The Army song was played to honor my daddy’s service “ Over hill, Over dale we will hit the dusty trail” . . . . Daddy had been very proud of his military service. This was very fitting.

We got into the limousines and headed out to the burial site where several older army veterans were waiting. Our family sat under the tent as my cousins and a couple of nephews carried in daddy’s coffin. The cousins are like my brothers and when our eyes met, we had so many memories between us. All the funny, and crazy things my daddy had done over the years. It was hard not to smile at my cousins and I can’t say whether I did or not.

The flag was folded in a beautifully precise way and handed to Lynn, my father’s wife. The guns fired into the air, there were a few short words spoken by Preacher Jeff and followed by a prayer and it was over.

It was after this that we were able to meet the people who couldn’t make it to the service but came to the burial site. So many loved ones who came together even if we weren’t in good standing, came to mourn together. The most moving was the son of my father’s best friend, Sonny Phillips. One son had come to the visitation the night before and one came to the funeral. Sonny himself had emphysema and was too sick to travel. My ex brother in law also came and spoke of all he had learned from daddy and how my father had been like a father to him.

We ended the day just as we had started the several days of funeral activities – with food. In the south people will take turns bringing food to you for about 2 to 4 weeks depending on the circumstances. Community means a lot there. I hope that when I am buried my children will find the comfort from the community as I did from my beloved, caring South.

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My paternal grandfather, Yeh Yeh, passed away in 2002 at the young age of 85. Though I had experienced the passing of a good friend and a teacher in my childhood, this was my first experience with a beloved family member.

A Chinese funeral ceremony was held for my Yeh Yeh. Our family, possibly influenced by Western tradition with interracial or intercultural marriages among most of my father’s siblings, did not perform all of the traditions according to custom. Usually, when there is a passing in the family, it is common for all statues of deities in the household to be covered with red paper, for mirrors to be removed, and to have a white piece of cloth hung over the main entrance of the house. In many circumstances, a gong is placed to the left of the doorway if the deceased is male and to the right if the deceased is female.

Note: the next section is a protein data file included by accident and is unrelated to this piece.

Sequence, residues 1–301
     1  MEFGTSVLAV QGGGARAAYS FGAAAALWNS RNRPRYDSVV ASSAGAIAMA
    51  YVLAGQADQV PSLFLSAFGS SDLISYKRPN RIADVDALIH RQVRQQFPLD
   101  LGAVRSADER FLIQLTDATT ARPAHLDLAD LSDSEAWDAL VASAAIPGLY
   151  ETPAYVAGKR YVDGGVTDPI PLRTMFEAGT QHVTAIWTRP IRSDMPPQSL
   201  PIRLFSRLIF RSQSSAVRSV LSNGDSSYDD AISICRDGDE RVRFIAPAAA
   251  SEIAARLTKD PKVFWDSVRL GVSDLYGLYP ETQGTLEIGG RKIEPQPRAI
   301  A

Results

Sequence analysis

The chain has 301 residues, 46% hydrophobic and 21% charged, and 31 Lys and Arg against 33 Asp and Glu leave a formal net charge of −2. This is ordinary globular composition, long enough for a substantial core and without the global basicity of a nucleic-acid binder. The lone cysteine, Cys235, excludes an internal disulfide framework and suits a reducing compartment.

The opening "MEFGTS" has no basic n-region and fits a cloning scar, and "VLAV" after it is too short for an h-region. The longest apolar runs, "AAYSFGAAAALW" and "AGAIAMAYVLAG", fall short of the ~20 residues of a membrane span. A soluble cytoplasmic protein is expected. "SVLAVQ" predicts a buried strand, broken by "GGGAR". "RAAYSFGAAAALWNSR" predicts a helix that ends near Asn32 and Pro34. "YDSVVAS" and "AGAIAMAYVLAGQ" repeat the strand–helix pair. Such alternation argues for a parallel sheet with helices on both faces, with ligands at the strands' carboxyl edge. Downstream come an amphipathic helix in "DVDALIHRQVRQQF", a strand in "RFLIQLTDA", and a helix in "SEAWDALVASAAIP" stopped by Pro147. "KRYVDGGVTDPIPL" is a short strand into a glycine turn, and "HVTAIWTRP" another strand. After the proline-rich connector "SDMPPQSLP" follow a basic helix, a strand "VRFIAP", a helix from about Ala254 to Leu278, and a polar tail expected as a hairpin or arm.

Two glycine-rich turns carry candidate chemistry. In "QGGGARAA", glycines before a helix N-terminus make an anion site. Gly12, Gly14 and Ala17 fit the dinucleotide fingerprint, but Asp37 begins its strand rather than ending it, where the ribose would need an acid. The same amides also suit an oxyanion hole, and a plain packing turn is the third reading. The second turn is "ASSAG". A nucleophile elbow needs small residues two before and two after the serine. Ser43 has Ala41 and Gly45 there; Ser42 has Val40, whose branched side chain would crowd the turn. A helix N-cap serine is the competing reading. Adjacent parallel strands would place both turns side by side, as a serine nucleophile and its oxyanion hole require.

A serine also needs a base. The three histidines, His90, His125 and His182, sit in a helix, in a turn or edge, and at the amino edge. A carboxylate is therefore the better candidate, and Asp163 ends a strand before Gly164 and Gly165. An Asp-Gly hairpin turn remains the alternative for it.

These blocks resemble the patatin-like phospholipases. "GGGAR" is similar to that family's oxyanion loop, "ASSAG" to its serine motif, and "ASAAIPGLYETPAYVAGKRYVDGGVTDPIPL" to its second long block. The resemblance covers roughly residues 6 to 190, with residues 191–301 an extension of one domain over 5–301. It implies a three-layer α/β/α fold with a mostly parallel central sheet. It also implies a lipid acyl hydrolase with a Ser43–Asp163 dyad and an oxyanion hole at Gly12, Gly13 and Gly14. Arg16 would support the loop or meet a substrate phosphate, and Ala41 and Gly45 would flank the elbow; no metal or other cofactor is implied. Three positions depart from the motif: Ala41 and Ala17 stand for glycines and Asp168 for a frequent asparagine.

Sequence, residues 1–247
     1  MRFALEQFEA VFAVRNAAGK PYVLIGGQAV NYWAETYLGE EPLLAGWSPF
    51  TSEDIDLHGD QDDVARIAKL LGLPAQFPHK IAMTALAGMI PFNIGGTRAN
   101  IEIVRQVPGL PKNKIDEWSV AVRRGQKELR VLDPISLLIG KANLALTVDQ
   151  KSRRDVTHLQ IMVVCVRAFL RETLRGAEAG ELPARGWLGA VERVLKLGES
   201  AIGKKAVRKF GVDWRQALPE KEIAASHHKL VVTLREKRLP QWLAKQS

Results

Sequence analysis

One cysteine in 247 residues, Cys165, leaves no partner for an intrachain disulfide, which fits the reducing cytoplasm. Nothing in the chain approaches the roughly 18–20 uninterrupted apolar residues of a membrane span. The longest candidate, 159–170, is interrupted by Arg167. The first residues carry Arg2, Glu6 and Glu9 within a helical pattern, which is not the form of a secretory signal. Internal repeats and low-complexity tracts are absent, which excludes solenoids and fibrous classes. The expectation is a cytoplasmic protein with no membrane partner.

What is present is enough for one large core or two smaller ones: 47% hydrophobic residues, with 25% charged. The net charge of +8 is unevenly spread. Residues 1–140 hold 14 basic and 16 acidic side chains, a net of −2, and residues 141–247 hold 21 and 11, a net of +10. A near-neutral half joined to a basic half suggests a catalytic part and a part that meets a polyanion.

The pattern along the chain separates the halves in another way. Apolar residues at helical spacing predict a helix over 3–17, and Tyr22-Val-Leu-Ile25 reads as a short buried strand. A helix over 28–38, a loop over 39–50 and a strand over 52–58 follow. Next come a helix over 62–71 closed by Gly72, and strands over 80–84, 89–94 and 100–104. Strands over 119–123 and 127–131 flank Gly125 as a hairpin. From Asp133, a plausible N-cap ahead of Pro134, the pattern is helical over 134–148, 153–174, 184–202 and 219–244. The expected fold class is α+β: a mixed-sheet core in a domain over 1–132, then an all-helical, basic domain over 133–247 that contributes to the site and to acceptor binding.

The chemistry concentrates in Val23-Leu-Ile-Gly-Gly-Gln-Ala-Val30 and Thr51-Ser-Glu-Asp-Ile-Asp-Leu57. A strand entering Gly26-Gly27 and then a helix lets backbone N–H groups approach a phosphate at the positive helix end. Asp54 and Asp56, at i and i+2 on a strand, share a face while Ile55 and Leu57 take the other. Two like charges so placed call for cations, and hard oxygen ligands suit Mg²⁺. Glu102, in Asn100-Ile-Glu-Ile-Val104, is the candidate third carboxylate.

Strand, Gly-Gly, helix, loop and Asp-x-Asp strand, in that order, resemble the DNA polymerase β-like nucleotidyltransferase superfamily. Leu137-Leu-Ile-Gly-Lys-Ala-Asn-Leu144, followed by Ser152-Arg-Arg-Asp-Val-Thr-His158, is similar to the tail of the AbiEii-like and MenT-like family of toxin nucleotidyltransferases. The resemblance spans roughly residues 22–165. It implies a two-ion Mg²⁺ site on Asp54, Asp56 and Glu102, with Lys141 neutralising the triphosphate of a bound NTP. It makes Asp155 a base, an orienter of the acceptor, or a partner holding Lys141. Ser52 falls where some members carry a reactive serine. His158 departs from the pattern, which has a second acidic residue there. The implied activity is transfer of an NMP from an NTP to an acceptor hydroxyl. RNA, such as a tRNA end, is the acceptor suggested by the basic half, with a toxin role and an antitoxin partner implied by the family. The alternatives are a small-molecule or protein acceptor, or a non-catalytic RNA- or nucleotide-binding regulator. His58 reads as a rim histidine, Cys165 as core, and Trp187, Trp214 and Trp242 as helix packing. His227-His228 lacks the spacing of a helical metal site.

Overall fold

About a week before the ceremony, the Wong family set up a website where Yeh Yeh’s obituary was posted. On the website was an area for us to leave comments: an informal way of taking a moment to reflect and pay respects to him. Interestingly, these comments were first posted by the more westernized members of our family: my mother, our cousins who had grown up in the States, my sister and myself. We posted about the fond memories we had with Yeh Yeh and wished him well in his final resting place. Soon after, my father and his siblings posted comments that began with a few negative events from their upbringing. The comments made me feel a little uncomfortable at first because I guess we had different ideas of how to say goodbye. At the end of each post, however, they concluded with loving words and fond memories. It was interesting to me that they would be so open on a public website about how they felt about their dad, particularly because I thought Chinese people - or at least this Chinese family - did not like to talk about past negative experiences. At the same time, because my father and his siblings wrestled with some of the challenges in their upbringing, I wonder if they gained more closure in these digital goodbyes than those of us who only talked about the good.